The shift to remote work is both a challenge and an opportunity for enhancing organizations’ cybersecurity strategies. Businesses now need to protect a network that is not contained within a single physical office but rather distributed around the world. 

As a result, next-generation SWGs will mainly be deployed in the cloud rather than on-premises. Employees on a business’s network can transfer data through a cloud-based SWG, no matter where they are. There’s no need to route traffic through on-premises servers, which could dramatically increase latency and slow down operations.

Cloud-based SWGs could also serve as control points for SWG applications installed on users’ individual devices. This edge computing approach would further reduce latency while still enabling IT administrators to control web permissions for employees using a company’s network.

3. Seamless functionality for cloud apps

Migrating services like email, data storage, and even security features to the cloud has a number of advantages. Cloud platforms are more scalable, more redundant, and often cheaper than traditional on-premises solutions.

However, moving essential business services onto the cloud means that employees are spending more of their day online. In addition, there are more sensitive data being transferred back and forth between companies’ networks and the web.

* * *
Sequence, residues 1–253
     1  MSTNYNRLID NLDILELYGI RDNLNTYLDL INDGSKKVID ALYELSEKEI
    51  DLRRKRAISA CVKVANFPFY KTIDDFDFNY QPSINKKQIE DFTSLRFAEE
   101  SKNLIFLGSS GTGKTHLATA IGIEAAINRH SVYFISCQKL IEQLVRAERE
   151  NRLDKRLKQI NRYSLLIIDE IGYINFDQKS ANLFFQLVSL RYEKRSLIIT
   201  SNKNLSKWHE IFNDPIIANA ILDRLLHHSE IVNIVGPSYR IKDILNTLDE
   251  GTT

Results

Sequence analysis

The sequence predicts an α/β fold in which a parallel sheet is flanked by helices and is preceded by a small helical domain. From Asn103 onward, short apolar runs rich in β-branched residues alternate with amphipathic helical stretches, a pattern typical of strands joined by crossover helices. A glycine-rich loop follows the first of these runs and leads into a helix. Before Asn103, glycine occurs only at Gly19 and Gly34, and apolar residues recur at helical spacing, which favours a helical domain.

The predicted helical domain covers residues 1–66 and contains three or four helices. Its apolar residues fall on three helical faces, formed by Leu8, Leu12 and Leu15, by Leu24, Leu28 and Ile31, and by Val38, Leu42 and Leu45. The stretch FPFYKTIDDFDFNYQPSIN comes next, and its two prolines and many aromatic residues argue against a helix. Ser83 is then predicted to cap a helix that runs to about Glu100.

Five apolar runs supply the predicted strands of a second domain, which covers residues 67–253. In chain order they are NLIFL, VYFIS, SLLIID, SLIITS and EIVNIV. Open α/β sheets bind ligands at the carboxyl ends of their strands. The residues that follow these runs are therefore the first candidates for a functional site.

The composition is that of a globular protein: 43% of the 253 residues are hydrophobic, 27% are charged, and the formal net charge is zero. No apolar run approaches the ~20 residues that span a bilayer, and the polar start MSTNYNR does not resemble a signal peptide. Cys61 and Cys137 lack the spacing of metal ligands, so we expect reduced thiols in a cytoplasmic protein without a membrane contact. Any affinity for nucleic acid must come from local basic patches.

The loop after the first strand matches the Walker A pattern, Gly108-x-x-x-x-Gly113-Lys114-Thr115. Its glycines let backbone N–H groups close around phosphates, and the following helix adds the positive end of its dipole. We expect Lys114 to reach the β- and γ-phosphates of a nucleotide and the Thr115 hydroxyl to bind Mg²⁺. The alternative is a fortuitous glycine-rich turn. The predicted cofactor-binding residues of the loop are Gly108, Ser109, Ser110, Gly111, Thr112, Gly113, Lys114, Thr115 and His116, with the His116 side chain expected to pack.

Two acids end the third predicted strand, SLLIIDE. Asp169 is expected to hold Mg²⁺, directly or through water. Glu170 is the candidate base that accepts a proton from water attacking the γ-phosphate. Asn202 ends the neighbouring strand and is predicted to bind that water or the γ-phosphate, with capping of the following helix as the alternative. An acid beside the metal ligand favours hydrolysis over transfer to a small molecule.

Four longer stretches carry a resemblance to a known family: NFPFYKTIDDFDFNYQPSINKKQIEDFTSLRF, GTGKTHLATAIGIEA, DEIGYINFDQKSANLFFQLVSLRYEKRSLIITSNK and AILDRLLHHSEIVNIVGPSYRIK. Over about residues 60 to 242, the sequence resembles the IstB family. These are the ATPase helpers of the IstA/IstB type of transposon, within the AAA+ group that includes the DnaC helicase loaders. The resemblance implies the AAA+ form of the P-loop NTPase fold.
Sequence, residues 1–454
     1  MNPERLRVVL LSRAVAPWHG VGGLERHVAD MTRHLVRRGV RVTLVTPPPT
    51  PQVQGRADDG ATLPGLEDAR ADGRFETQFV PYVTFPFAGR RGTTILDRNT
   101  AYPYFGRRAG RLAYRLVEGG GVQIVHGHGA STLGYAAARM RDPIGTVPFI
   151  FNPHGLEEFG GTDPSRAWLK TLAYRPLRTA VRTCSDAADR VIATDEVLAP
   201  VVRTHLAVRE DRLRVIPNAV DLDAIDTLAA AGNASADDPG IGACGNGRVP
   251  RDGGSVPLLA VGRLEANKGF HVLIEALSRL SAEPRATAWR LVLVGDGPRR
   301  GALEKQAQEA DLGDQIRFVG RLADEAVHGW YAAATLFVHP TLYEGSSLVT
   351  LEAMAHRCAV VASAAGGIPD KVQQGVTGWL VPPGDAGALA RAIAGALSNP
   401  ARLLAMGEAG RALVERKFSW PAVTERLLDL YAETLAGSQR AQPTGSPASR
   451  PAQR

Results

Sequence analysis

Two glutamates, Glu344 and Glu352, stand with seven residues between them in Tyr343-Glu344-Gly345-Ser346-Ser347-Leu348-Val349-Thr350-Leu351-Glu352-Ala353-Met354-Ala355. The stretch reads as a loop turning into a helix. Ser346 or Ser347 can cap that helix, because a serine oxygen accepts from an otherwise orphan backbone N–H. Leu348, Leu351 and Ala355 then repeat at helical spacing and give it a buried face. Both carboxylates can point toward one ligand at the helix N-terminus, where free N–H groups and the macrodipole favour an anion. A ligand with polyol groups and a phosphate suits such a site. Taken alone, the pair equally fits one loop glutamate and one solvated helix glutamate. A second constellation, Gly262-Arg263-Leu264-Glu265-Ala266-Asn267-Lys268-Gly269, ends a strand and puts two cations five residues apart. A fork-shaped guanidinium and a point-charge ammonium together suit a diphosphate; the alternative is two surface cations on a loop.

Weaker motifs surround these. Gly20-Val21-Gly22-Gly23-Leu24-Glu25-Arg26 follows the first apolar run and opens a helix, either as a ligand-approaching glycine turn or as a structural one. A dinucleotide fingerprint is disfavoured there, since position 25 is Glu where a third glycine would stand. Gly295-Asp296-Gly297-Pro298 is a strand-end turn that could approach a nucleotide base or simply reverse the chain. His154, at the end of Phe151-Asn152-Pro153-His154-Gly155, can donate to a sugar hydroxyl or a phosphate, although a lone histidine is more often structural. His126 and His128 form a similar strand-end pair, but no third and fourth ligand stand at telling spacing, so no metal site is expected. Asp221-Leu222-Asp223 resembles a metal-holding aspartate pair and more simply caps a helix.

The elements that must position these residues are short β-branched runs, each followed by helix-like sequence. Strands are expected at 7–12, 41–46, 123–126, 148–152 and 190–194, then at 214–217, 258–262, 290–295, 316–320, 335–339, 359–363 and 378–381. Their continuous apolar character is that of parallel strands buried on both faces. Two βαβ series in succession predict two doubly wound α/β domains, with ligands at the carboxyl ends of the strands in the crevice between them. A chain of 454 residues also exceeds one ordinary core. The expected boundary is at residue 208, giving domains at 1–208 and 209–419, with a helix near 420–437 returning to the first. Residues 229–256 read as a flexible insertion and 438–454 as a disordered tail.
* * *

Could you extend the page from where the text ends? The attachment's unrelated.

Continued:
SWGs not only need to be able to handle that increased flow of data but also offer granular control over how employees transmit and receive data from cloud apps. IT teams should have the power to limit which cloud apps employees can access and what types of data they can access or upload.

Just as important, these controls need to be dynamic to adapt to rapidly changing projects and employee needs. AI and machine learning algorithms may play an important role in helping IT teams manage permissions to reduce the demand for manual oversight.

4. Advanced data loss prevention tools

The recent uptick in ransomware and hack-and-leak attacks has shown how important it is for companies to be able to head off major data loss events. The average cost of a data breach in the US climbed to nearly $9.5 million last year.